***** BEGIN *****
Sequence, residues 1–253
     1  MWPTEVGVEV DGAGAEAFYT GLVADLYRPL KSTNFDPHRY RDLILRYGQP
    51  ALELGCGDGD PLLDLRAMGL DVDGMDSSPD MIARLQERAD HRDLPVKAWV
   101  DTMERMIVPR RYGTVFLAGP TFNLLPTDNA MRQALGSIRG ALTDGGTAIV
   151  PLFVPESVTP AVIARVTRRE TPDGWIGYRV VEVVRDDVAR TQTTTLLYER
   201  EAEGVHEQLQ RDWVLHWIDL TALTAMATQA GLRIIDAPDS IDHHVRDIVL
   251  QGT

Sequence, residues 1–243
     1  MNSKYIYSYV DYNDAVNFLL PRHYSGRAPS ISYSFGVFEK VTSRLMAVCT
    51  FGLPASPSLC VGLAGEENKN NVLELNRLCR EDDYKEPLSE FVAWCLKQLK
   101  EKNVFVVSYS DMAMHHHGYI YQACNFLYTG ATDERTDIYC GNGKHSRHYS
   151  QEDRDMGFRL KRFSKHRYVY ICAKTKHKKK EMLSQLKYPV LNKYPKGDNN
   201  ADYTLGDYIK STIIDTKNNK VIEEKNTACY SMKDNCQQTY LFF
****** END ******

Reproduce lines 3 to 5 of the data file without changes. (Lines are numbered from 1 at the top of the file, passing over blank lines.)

    51  ALELGCGDGD PLLDLRAMGL DVDGMDSSPD MIARLQERAD HRDLPVKAWV
   101  DTMERMIVPR RYGTVFLAGP TFNLLPTDNA MRQALGSIRG ALTDGGTAIV
   151  PLFVPESVTP AVIARVTRRE TPDGWIGYRV VEVVRDDVAR TQTTTLLYER